Old World Trade Routes (OWTRAD):
Notation System

V. 4.95 (Jan 2004)

Dr T. Matthew Ciolek,

Research School of Pacific and Asian Studies,
Australian National University, Canberra ACT 0200, Australia

Document created: 7 Jul 1999. Last updated: 28 Jan 2004

This document describes notation used in data sets linked to the Old World Trade Routes (OWTRAD) pages.

|| OWTRAD Home Page || Research Rules || Notation System || Data sets || Gazetteer || Relevant Maps || Trade routes' notebook || Sources and Bibliography ||

work in progress - tmc

This version of the document supersedes recommendations of all earlier OWTRAD notations (see below) and the pilot scheme first suggested in Ciolek, T.M. 2000. Digitising Data on Eurasian Trade Routes: An Experimental Notation System (www.ciolek.com/PAPERS/pnc-berkeley-02.html).

The OWTRAD notation gratefully acknowledges advice and critique of (in alphabetic order): Dean Blarer (Idaho State University, USA), Jack B. Owens (Idaho State University, USA),
and the students of J. B. Owens' fall 2002 upper-division undergraduate and graduate course, History 360/560, The Spanish Empire.

The OWTRAD notation system - introduction

The OWTRAD Notation is a set of standard procedures and symbols for systematic extraction of geo-referenceable information present in historical and contemporary sources.

These sources may include written accounts of various length and detail, as well as graphic materials such as maps, drawings, plans and situational sketches. The sources used by the Notation may be very general or very detailed. They may distort geographical distances, or they may represent such information correctly. However, the OWTRAD Notation does not depend on the precision and accuracy of the materials it deals with. The OWTRAD methodology is focused on topological and logistical relationships between various named and unnamed points and locations mentioned in the sources. The Notation captures and records these relationships in a standardised and succinct way. It does so in order to subject the collected information suitable for the subsequent geocoding and mapping.

This version of OWTRAD notation summarizes data about 21 variables. These are:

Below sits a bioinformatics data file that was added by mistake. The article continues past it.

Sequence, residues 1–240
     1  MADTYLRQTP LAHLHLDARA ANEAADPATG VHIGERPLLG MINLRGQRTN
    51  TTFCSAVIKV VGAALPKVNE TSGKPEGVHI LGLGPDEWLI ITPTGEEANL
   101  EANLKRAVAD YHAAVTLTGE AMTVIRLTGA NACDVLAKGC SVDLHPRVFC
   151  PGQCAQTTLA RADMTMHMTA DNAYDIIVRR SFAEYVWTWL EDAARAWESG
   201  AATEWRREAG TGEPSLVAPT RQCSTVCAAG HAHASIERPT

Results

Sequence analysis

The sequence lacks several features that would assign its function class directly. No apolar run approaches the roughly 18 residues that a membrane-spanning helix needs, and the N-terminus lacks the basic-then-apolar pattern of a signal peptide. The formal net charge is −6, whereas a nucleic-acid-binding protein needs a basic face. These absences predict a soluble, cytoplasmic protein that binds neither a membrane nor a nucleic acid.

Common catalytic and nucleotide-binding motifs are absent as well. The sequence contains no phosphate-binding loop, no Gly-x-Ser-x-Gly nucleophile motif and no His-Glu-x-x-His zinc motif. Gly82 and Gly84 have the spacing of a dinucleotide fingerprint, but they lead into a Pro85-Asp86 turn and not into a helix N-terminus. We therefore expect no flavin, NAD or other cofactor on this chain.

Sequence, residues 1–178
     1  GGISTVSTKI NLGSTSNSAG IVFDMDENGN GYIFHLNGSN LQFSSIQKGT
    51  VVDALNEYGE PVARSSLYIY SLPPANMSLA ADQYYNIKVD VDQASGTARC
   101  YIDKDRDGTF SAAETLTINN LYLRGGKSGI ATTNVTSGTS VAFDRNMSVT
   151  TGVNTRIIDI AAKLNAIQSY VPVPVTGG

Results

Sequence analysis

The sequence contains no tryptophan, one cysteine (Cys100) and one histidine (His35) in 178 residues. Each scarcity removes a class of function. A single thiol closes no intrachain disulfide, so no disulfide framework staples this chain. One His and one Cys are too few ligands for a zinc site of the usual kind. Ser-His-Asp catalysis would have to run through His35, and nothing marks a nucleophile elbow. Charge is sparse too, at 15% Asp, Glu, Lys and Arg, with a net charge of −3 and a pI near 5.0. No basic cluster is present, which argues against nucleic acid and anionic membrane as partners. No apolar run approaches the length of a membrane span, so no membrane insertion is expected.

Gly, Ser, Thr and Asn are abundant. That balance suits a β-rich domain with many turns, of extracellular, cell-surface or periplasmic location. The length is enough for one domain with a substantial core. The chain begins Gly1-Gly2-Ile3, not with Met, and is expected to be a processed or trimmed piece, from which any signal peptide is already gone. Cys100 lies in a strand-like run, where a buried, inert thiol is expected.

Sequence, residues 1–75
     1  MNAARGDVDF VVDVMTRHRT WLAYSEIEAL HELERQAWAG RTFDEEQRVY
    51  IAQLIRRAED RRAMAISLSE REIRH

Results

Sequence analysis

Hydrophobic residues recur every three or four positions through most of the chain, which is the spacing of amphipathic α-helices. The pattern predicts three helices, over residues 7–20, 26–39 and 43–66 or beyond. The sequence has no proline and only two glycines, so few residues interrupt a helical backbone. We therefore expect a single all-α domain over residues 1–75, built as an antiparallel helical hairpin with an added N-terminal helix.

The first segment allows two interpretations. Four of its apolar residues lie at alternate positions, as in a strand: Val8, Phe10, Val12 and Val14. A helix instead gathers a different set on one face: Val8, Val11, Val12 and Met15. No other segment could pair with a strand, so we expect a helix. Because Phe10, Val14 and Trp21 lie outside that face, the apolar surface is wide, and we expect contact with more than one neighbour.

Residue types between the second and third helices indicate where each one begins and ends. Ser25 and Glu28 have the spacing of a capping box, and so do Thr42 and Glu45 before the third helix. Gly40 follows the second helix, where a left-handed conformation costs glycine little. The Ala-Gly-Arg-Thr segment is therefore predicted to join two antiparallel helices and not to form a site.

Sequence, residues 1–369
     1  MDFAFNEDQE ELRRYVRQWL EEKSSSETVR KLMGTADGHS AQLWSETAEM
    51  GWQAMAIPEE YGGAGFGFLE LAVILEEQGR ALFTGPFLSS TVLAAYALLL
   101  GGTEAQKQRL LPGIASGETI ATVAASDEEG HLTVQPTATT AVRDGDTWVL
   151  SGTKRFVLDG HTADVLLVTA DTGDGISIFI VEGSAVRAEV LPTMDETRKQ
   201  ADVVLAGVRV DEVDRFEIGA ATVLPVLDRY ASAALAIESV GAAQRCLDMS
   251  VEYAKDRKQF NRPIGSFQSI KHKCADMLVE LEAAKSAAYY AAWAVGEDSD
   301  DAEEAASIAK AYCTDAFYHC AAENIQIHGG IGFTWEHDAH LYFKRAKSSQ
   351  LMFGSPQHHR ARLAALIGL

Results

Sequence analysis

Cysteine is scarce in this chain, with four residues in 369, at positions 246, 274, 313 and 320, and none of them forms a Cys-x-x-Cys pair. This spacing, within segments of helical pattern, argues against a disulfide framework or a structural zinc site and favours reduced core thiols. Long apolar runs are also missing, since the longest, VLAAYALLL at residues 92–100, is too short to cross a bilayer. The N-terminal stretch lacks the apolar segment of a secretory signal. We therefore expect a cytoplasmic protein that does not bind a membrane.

The current issue of the OWTRAD notation includes latest addenda, modifications and clarifications. These are marked by the red colour.

The OWTRAD notation system - example

The notation handles information about nodes, routes, and users and commodities and a number of other variables, including specialised meta-data ones. For instance, a brief expression referring to one of the lines drawn on a map entitled "The economic life of the Roman Empire" (Stone 1989:91), which forms a part of the "'Times' Atlas of World History":

Carthago,TN,Ostia,IT,nkn,trd,sl,maj,AF00,B000,C000,nkn,d000dd,shp,p004d, 150,230,QC4,Stone 1989:90-91,P000,tmcXMEm0200_030a

identifies and describes

The OWTRAD notation system - format

The objectives of the notation presented below are four-fold. The following OWTRAD terminology intends to capture information originally expressed in a variety of verbal (remarks, descriptions) as well as graphic formats (maps, plans, situational charts) and convert it into a simple, but still intelligible to human eye standardised written expression.

1,2,3 & 4. Departure/Arrival Nodes

Place identifiers

Variable names: NODE1, COUNTRY1, NODE2, COUNTRY2
Meaning: a node, place or other reference point in the terrain which identifies a beginning and end of a given length of road or other communication link.
Example: Arabia Eudaemon,YE : a place in contemporary Yemen, referred to by the source as 'Arabia Eudaemon'.
No of characters used: several chars.
Further details:
This helps to distinguish nodes with identical names: e.g.: When nodes within the boundaries of the same country have identical names, they too need to be clearly distinguished, e.g. Ruda1,PL; Ruda2,PL; Ruda3,PL (please note that for in thic context arabic numerals are less ambiguous, and easier to read than roman numerals: RudaI,PL; RudaII,PL; RudaIII,PL)